SCOTUS Allows Bankruptcy Protections for Dishonest Debtors

June 11, 2018 by Alexa P. Stephenson, Esq.

The Supreme Court of the United States issued a decision on June 4, 2018 that may pose sweeping changes for how creditors challenge bankruptcies in federal court. The Court confirmed enhanced protections for debtors who attempt to discharge unsecured debts in bankruptcy, even if those obligations were obtained by fraudulent statements. In siding with debtors, the Supreme Court interpreted the U.S. Bankruptcy Code to allow debtors to discharge and terminate debts through the bankruptcy process, regardless of how said debts were obtained.

In the Chapter 7 bankruptcy case of R. Scott Appling, the law firm Lamar, Archer & Cofrin, LLP filed an adversary proceeding alleging that Appling’s debt was non-dischargeable pursuant to Section 523(a)(2)(B) of the U.S. Bankruptcy Code after Appling insisted he would be using an imminent $100,000.00 tax return to pay off his past due legal fees owed to the firm and then filed bankruptcy to discharge that same debt.

Section 523(a)(2)(B) exempts a debt from discharge if the debt or services by which the debt was created were obtained “false pretenses, a false representation, or actual fraud other than a statement respecting the debtor’s … financial condition.” Here, Appling had previously stopped paying his legal bills and the law firm threatened to drop him as a client and place a lien on his work product until the debt was repaid. Only after Appling insisted that he would be receiving a $100,000 tax return which would allow him to repay his legal expenses did the firm continue to represent Appling and work on his case.  However, after applying for and receiving a tax return of only approximately $60,000.00, Appling told the firm that he had not received his return yet so that they would continue to work on his legal matters and paid the firm nothing.

Appling attempted to dismiss the adversary proceeding by claiming that his statements regarding his ability to pay off accrued legal fees with the tax return were respecting the debtor’s financial condition, were therefore governed under Section 523, and that the non-dischargeability claim should be dismissed because the statements were not in writing.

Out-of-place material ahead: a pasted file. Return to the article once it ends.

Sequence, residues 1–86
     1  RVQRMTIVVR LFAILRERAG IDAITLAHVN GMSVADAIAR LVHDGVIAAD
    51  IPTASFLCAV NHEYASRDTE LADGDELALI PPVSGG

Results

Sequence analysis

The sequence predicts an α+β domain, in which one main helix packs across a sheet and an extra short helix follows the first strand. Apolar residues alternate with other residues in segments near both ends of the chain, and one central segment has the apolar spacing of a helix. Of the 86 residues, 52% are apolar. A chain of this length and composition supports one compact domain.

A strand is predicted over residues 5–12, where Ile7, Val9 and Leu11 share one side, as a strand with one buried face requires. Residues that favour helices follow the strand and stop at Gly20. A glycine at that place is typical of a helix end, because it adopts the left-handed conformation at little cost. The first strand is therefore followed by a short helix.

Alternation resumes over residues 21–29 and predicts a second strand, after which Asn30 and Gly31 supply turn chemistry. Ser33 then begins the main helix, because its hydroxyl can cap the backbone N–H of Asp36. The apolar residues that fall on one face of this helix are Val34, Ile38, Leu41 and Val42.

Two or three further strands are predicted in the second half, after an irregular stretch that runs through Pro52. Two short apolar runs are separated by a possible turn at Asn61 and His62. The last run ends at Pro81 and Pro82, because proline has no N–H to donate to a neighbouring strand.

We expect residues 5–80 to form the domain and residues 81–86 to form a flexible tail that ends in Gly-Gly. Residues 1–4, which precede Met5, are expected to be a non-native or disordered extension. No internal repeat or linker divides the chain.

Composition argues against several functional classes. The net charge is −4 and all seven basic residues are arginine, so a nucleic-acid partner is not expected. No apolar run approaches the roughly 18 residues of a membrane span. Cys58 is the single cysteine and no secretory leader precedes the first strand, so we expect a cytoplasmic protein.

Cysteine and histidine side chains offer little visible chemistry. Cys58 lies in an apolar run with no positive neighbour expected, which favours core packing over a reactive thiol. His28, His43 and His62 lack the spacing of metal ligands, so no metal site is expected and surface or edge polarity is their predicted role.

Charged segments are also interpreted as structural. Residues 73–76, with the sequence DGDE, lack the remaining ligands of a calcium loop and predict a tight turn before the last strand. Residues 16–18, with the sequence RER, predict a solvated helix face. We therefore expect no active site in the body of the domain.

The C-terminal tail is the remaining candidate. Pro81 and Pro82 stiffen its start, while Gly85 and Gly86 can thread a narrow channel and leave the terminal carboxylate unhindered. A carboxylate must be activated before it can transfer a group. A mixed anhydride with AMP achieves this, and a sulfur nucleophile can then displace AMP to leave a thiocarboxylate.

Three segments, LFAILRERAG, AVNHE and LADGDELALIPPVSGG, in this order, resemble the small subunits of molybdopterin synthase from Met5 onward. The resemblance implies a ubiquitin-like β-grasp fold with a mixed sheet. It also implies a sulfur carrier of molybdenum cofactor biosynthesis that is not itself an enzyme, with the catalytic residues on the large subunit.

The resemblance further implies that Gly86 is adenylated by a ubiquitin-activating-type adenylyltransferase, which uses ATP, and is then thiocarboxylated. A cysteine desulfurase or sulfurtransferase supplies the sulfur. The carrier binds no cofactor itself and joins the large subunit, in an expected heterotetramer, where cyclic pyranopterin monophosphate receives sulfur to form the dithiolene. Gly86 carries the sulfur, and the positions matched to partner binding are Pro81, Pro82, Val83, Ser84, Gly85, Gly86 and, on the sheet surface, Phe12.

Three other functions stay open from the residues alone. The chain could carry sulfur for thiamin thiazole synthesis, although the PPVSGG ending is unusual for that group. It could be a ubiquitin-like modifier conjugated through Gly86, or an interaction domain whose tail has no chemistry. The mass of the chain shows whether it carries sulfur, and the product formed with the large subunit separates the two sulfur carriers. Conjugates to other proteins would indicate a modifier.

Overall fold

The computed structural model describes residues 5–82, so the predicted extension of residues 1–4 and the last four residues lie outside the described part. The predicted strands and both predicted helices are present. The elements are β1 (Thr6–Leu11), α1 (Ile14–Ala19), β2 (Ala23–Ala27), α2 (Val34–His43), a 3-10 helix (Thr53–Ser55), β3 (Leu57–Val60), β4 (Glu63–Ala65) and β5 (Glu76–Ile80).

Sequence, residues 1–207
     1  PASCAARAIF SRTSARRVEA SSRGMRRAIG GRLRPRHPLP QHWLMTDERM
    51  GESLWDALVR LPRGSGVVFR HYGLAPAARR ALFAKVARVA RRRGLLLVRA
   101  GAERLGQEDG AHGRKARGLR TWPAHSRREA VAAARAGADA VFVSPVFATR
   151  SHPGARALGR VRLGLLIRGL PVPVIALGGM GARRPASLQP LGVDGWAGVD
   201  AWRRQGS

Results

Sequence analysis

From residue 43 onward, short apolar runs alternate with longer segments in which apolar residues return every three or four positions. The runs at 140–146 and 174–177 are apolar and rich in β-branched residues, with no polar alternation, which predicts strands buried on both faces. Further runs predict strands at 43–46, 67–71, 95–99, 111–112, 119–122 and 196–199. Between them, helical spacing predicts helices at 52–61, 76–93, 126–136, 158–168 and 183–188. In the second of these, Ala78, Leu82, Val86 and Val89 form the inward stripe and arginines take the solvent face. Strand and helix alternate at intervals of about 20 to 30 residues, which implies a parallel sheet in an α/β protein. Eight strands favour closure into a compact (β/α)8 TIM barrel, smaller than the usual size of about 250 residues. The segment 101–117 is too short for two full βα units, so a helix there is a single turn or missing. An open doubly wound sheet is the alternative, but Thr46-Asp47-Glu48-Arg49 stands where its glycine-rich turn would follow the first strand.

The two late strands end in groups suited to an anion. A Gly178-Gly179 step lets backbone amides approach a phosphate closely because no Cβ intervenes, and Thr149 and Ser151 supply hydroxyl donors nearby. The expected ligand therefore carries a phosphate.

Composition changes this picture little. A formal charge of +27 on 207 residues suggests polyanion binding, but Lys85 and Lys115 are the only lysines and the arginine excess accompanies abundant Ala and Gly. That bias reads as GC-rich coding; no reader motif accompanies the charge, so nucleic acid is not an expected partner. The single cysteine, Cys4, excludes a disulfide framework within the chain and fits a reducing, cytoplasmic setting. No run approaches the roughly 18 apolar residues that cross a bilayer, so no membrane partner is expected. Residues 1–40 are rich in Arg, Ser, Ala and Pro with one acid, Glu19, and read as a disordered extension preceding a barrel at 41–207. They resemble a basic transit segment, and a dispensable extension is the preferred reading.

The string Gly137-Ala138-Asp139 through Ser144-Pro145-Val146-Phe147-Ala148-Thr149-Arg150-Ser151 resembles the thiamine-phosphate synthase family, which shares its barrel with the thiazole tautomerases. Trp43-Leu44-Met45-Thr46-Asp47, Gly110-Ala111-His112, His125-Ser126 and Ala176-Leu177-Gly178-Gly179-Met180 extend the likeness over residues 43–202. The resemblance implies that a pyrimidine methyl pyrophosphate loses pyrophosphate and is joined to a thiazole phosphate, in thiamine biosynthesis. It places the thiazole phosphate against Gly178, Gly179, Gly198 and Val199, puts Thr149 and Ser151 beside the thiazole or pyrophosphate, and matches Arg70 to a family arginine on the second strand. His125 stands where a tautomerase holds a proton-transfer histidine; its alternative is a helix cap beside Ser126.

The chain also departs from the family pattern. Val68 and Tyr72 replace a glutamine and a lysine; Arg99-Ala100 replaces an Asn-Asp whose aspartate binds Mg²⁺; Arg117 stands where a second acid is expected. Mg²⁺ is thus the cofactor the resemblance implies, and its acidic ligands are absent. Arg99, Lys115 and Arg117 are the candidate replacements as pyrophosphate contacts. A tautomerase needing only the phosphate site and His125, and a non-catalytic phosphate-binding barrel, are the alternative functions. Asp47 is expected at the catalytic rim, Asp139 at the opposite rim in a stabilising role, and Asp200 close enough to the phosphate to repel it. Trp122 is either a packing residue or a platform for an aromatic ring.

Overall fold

The bankruptcy court disagreed and denied Appling’s motion to dismiss, finding that Appling had made false statements to the firm. However, the Eleventh Circuit Court of Appeals held that a “statement respecting the debtor’s financial condition” may include a statement about a single asset, and ultimately denied the law firm’s claim that the debt was non-dischargeable pursuant to Section 523(a)(2)(B).

SCOTUS then affirmed the Eleventh Circuit’s decision after looking at the specific language used in Section 523(a)(2)(B), such as “statement”, “respecting,” and “financial condition.” The parties agreed, along with the Solicitor General, that the term “financial condition” referred to one’s overall status. SCOTUS found that using the term “respecting” in a legal context means that the scope of a provision covers not only its subject, but also matters relating to that subject.

The firm contended that the term “statement respecting the debtor’s financial condition” referred only to one’s overall financial status. The Court rejected the law firm’s argument and concluded that a statement is respecting the debtor’s financial condition “if it has a direct relation to or impact on the debtor’s overall financial status.” Because a statement about a single asset can have an effect on a debtor’s overall financial condition, such a statement can be considered a “statement respecting the debtor’s financial condition.” Thus, since Appling’s statements concerning his tax returns were not in writing, the firm’s claims about the statements did not meet the criteria of Section 523(a)(2)(B). In short, Appling got to discharge his debt to the firm despite the fact that he made false statements to the firm.

It is too early to know what effect this decision will have on future bankruptcy proceedings. However, the conclusion reached by the Supreme Court indicates that a statement from a debtor about a single asset can constitute a statement concerning the overall financial condition of the debtor, thereby expanding the scope of Section 523.

This decision will lead to more creditors protecting themselves by requiring that any statements about a debtor’s financial condition be made in writing in order to preserve their claims under Section 523(a)(2)(B) should bankruptcy litigation occur.

For small businesses or individuals that extend credit to persons based on verbal guarantees, this may prove troublesome to the extent that if a false statement is not made in writing by the debtor, it would preclude them from having their debt be deemed non-dischargeable through the bankruptcy court.

If you are a creditor in a bankruptcy case or have questions about this article, the attorneys at Geraci Law Firm are more than happy to help you.